Why Going Offline Might Save Your Creative Business
Ahhhhhh Google, the all-seeing, all-knowing search engine company that birthed our obsession with online life. Suddenly we had the knowledge of a billion brains at our fingertips, the work of scholars, artists and musicians from past and present readily available in one swift click.
Creatives breathed a sigh of relief at this new development - 'thank god, now that we have access to more than we could ever look at or know, we will never be stuck for inspiration again.' Right guys?
Errrr..... not quite, Creatives, don't crack out the champagne just yet. Unfortunately the road towards free-flowing, 24/7 creativity on tap is bumpier than that. Some might even say it's a journey with no end, that the very nature of creativity is unpredictable and therefore not something we can learn to do, or force. So I'm going to explain why going offline (from time to time... what a rhyme!) can do for recharging your creative batteries.
We take the internet and all the wireless wiff waff that comes with it today so much for granted, that we rarely question whether it is actually helping us to be creative or organise our thoughts.
For the purposes of illustrating my point, let's take a look at Adriana's (a made up person who is a useful metaphor) situation.
Adriana is a great photographer. She specialises in newborn portraits and has received some really fantastic feedback from some of her first clients. She gets to her 4th paid photoshoot and starts to wonder if her props are getting a bit repetitive, so she goes online to look for (dramatic suspense for the magic word....) INSPIRATION!
She hits the Pinterest boards hard and starts swooning over the amazing photography that's there. But 3 things happen after an hour or so of browsing.
1. She's lost an hour (that's pretty obvious) but time = money as the old saying goes, and if you're self employed or in the creative industries this is even more truthful as being proactive and efficient is really important if you want to make a good living.
2. She experiences inspiration overload. Sometimes being too inspired in a short space of time is not a good thing. It can leave creatives feeling panicked and overwhelmed and lead to inactivity and procrastination. What you want to aim to do is make like Paul Smith, and drip-feed yourself creativity throughout the day. Seeing inspiration in everything will begin to come naturally.
3. She experiences this horrible, deep down, gut churning emotion commonly known as... JEALOUSY. We are hardwired to feel jealous of other people's success and it's nothing to feel particularly ashamed of. Adriana thinks 'why should I even bother trying' because her images will never be as good as the ones she sees online. They must have better equipment, more cash at hand, cuter babies (?!) she thinks. She feels miserable and frustrated that she will, in her opinion, never live up to them.
Photo: Never underestimate the powerful simplicity of a notebook in which to gather your thoughts,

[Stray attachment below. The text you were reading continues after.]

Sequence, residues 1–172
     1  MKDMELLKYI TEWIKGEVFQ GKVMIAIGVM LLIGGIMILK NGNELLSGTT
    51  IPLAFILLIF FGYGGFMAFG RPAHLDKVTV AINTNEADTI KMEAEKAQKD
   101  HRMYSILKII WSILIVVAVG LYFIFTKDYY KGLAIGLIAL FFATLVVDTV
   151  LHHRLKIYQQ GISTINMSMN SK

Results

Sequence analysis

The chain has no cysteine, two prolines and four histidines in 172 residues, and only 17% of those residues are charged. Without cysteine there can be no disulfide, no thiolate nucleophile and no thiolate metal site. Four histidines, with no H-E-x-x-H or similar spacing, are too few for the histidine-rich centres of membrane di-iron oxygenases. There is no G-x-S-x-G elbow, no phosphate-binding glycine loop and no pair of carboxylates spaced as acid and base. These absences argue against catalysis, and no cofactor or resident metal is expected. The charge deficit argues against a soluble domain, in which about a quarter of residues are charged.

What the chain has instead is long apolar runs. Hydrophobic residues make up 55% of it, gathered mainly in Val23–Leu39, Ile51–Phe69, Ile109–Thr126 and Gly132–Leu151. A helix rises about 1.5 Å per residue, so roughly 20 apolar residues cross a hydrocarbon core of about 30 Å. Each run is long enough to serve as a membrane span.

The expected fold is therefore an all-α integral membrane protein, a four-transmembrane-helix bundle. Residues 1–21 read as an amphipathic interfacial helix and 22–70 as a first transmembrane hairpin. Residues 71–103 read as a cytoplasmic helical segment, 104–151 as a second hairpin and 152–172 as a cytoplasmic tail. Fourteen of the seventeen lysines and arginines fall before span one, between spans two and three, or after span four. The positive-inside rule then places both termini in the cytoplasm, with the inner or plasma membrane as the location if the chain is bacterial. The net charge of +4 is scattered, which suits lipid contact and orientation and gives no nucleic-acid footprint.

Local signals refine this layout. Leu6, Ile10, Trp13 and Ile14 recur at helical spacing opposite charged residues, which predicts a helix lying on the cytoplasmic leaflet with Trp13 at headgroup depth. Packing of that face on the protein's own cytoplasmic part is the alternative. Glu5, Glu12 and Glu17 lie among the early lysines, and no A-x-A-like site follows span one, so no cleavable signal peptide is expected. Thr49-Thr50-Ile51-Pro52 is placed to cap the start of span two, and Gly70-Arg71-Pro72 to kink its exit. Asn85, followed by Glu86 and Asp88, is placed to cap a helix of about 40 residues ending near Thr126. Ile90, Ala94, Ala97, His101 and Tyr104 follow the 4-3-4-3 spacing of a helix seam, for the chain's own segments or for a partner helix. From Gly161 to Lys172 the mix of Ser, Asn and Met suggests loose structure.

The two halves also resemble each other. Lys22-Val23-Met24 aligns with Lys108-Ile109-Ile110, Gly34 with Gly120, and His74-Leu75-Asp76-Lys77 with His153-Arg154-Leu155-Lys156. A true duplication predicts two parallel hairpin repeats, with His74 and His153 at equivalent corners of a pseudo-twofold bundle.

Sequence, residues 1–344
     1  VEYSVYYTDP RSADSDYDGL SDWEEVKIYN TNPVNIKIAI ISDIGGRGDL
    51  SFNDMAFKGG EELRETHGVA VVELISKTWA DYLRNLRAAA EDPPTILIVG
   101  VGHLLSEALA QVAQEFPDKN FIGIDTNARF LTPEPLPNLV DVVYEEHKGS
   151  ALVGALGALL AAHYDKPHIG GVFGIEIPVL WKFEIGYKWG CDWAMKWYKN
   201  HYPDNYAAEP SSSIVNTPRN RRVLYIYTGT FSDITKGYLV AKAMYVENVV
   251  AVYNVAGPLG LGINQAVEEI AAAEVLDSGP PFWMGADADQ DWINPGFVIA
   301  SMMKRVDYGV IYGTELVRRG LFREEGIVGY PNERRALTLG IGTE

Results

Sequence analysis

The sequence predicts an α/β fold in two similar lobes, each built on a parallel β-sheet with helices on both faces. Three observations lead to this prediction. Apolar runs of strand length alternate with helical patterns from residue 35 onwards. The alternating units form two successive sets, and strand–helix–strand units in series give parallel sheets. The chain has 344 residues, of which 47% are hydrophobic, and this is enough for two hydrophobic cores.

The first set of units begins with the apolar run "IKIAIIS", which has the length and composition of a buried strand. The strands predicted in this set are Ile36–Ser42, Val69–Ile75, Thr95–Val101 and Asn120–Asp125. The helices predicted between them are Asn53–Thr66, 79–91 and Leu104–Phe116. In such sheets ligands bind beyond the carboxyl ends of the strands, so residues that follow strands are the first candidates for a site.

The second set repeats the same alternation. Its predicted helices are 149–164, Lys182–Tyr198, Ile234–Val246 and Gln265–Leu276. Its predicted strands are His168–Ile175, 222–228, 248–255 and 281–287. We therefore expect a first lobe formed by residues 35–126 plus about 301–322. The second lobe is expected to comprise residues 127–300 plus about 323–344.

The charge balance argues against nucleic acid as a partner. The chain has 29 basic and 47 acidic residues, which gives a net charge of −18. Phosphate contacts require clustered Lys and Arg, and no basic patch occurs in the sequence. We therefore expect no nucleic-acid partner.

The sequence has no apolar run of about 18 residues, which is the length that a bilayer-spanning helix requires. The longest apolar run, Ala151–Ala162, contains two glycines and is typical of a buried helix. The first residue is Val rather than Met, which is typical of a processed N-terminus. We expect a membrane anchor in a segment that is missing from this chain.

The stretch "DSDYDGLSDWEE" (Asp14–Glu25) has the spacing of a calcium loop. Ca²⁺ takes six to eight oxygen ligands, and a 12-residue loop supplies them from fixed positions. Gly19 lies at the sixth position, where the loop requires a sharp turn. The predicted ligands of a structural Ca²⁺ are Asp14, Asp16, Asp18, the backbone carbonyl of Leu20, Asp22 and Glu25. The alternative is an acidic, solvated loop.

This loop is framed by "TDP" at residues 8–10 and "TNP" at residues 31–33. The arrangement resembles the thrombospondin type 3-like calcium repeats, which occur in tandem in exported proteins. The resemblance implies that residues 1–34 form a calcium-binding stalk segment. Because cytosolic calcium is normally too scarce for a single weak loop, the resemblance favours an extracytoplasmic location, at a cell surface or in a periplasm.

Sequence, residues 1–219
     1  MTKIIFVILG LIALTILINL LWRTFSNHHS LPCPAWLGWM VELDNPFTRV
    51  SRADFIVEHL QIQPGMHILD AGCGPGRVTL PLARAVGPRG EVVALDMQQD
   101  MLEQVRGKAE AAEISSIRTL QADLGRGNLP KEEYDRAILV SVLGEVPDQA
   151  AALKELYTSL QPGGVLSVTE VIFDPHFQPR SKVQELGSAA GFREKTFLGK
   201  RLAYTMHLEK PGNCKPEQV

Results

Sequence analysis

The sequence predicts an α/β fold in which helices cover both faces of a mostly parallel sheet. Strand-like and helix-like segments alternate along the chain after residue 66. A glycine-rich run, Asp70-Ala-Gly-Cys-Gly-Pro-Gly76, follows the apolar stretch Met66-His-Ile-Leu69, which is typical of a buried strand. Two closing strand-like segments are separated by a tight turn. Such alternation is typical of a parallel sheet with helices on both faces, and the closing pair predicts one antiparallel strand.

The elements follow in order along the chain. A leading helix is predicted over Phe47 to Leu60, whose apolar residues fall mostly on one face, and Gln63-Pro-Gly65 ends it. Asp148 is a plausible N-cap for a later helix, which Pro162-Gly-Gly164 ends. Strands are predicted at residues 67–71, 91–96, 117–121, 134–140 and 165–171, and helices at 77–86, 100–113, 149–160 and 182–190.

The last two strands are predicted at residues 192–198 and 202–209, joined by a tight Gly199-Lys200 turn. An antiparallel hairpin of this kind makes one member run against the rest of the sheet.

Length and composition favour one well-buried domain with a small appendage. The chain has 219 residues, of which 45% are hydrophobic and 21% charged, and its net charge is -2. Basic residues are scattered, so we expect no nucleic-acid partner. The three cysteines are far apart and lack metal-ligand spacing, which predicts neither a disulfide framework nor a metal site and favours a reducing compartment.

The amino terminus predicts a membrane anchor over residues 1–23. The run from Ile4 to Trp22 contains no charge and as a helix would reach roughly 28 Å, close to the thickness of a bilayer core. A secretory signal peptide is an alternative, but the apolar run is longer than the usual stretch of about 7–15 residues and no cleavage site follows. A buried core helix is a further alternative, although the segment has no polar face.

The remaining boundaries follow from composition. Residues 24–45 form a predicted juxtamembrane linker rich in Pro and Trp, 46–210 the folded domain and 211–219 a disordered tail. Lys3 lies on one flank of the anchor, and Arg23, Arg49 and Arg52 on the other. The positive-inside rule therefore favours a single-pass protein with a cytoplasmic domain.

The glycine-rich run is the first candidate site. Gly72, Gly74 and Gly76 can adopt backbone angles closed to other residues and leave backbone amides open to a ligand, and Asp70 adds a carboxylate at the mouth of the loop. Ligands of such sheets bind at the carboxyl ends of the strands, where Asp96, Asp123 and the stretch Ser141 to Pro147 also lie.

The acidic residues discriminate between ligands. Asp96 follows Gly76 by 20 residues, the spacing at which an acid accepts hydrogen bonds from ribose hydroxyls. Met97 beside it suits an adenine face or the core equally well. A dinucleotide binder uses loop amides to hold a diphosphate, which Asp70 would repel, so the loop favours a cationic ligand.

NOW, some feelings of jealousy go a long way in prompting people to work harder and even gentle rivalry has been shown to be beneficial in a teamwork setting as it motivates people to act on what they need to do. However when you mix this emotion with the vast arrays of information available online, we become used to seeing the 'best of the best' and this can be SUPER misleading.
We start to think that everyone is like this, and everyone has done this by the age of 20, and that is simply not the case.
It's great to look at the work of others and learn from them - but we have to be careful to strike a balance between gleaning ideas and admiring the work of others with getting so bogged down in feeling of inadequacy that we do more harm than good.
George RR Martin, the writer of the famous Game of Thrones series, has explained to The Guardian that his 'secret weapon' for creative activity and overcoming writer's block is a computer that is totally offline. He claims that the lack of distractions allows him to focus purely on the task at hand, and therefore going 'off the grid' helps his creative process!
It is incredibly easy to see 'likes' and peer validation as the best way to measure your success - our newly forged relationship with social media teaches us that gaining approval from others is the most important metric of happiness. This relationship needs time to mature before we can consume social media and act on it in a healthier way, and the backlash against it has already begun.
So I think we've established that going offline can sometimes be a good thing, and I'm not advocating leading an off-the-grid lifestyle because I personally believe the internet has an incredible amount to offer people: I just think we need to sit down sometimes, and open up a big old book that's full of images, and reflect on the fact that no matter how old we are, how skilled we are or how financially successful we are, what we are doing is valid and worthwhile as long as it brings us contentment and fulfillment.
Photo: I use a sketchbook to arrange things around on a page if I need help clarifying my ideas, oh ad I photograph each page on my iphone before I dismantle it - even the crap stuff (which I have included here to show you that sometimes you need to know what doesn't work visually, in order to fix it)
So what do you think?
- Does the internet help you get inspired? If so, how?
- Do you find that going online to see 'what other people are doing' often turns into self-inficted sulking sessions about how great everyone is compared to you?
- What's the best way to get inspired offline in your opinion?
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As always, thanks for reading and leave any comments you have below!